Study Uncovers Mechanics of ‘Tail-Whipping’ in Thresher Sharks
The tresher shark's exceptionally elongated tail can often be as long as their entire body,
Like Indiana Jones, thresher sharks (Alopias spp.) have mastered the art of the whip using their tails. With incredible speed, their long, machete-like tails can slap and stun their prey, allowing them to swallow multiple fish in one fell swoop. Their exceptionally elongated tail, which can often be as long as their entire body, not only makes this particular shark unique, but also a formidable hunter.
Thresher shark “tail-whipping” consists of four phases: preparation, strike, wind-down recovery, and prey collection. Overhead tail slaps begin in the preparation phase by lunging toward targeted prey. The strike phase begins by lowering the head and flexing the body, which raises the tail over their head to create a whip-like motion. The wind-down recovery phase consists of the shark returning to swimming posture, and consuming stunned prey.
The shark’s tail-whipping movement dramatically differs from the side-to-side motion produced by its body during swimming. The cartilaginous vertebral column, which is the main body axis, may have anatomical modifications to withstand the extreme bending during the tail-whipping behavior. Prior research has examined the vertebrae of thresher sharks, but in the context of the forces experienced during swimming.
Now, new research from Florida Atlantic University in collaboration with Apex Predators Program, Northeast Fisheries Science Center, National Oceanic and Atmospheric Administration (NOAA), provides intricate details showing that anatomy of the vertebrae might support the mechanics of extreme body bending in thresher sharks, enabling these expert hunters to weaponize their tails.
For this study, researchers examined vertebrae from the head and tail ends of the body. They investigated vertebral anatomy and measured variables like height, width and length along the vertebral column from 10 common thresher sharks (Alopias vulpinus) across a range of sizes from an embryo to large adults.
Researchers used micro-CT scanning, similar to CAT scans humans use in medical facilities, to image the internal architecture of each vertebra and quantified various mineral structures found in the calcified cartilage. They also used two-dimensional shape analysis techniques to examine variation in the spatial distribution of mineral structures along the vertebral column.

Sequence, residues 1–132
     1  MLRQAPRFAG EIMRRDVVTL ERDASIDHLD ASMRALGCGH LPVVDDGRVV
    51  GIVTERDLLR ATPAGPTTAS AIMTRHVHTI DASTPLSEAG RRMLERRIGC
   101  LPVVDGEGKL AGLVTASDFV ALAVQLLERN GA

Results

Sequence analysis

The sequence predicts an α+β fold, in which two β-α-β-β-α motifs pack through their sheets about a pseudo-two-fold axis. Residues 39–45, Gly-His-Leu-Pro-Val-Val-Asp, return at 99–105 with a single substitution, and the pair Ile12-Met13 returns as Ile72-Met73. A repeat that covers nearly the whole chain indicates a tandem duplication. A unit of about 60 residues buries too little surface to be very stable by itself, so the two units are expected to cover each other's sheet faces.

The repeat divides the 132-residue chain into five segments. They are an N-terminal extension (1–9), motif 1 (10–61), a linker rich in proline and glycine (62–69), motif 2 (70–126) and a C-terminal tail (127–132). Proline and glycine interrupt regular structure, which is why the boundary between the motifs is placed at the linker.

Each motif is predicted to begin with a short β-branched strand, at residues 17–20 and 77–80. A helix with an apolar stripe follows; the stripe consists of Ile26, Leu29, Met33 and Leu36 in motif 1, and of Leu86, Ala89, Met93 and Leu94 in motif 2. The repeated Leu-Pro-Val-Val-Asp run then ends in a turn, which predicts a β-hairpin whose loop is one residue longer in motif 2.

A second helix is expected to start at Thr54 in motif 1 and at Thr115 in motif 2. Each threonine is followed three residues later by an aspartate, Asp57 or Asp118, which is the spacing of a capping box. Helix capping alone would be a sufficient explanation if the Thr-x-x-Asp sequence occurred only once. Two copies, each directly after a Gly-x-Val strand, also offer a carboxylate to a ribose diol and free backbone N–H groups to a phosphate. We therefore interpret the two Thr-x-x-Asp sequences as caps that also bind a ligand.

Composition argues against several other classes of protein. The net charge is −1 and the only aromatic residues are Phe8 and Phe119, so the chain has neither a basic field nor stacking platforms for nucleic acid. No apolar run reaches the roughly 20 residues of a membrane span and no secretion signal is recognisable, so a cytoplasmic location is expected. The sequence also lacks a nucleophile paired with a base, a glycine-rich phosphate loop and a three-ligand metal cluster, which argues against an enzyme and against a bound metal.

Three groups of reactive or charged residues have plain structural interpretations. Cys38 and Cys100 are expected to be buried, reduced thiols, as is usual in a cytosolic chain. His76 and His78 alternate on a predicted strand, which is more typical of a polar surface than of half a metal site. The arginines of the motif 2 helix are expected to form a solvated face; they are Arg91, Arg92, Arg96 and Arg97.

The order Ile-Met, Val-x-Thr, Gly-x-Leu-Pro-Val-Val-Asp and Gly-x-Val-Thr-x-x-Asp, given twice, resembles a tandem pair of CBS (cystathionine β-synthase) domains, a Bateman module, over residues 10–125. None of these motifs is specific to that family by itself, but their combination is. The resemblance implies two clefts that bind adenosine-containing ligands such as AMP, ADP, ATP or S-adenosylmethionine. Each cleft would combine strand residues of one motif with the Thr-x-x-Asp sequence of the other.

Results of the study, published in the journal Royal Society Open Science , suggest thresher shark vertebral anatomy and mineralized microstructure meet the demands required for fast swimming and tail-whipping behavior seen in these species.
Researchers found that the mineralized microarchitecture in thresher shark vertebrae changes in the front and the back of the body, and these anatomical modifications may support their unique tail-whipping behavior. Essentially, thresher shark vertebral column is fortified along its length and might work like a catapult, allowing the tail to launch over the head.
“We found that anatomy and microstructure significantly varied along the body and among developmental groups – embryonic, juvenile and adult common thresher sharks,” said Jamie L. Knaub, first author and a doctoral graduate student in FAU’s Department of Biological Sciences within the Charles E. Schmidt College of Science. “Based on our results, we believe that thresher shark vertebrae vary in anatomy, and the amount and arrangement of mineral, supporting the mechanical needs for tail-whipping.”
The researchers also discovered that juvenile-sized sharks acquire mineralized structures throughout development, likely to support a larger body as they grow and tail for whipping behaviors.
“We think that anterior body vertebrae stabilize the thresher shark’s main body, while vertebrae closer to the tail support overhead tail-whips,” said Marianne E. Porter, Ph.D., senior author and an associate professor, FAU Department of Biological Sciences. “Additionally, developmental changes suggest that vertebral anatomy shifts across development to support a larger body and caudal fin.”
Thresher sharks, part of the Alopiidae family, comprise three species: the pelagic thresher (Alopias pelagicus), the bigeye thresher (Alopias superciliousus), and the common thresher (Alopias vulpinus). All three thresher shark species have been listed as vulnerable to extinction by the World Conservation Union since 2007.
Study co-authors are Michelle Passerotti, Ph.D., a fish biologist, Apex Predators Program, NOAA Fisheries; Lisa J. Natanson, Ph.D., a shark researcher, Apex Predators Program, NOAA Fisheries (retired); and Tricia Meredith, Ph.D., director of research, FAU A.D. Henderson University School and FAU High School, and an assistant research professor, FAU College of Education.
The work was conducted as part of Knaub’s Ph.D. research, which was supported by a National Science Foundation (NSF) CAREER grant awarded to Porter (NSF, IOS-1941713), the Jim Elliot Award from Tomography for Scientific Advancement awarded to Knaub, and the Vincent Saurino Fellowship, the Newell Doctoral Fellowship, and the National Save the Sea Turtle Foundation Scholarship from FAU awarded to Knaub.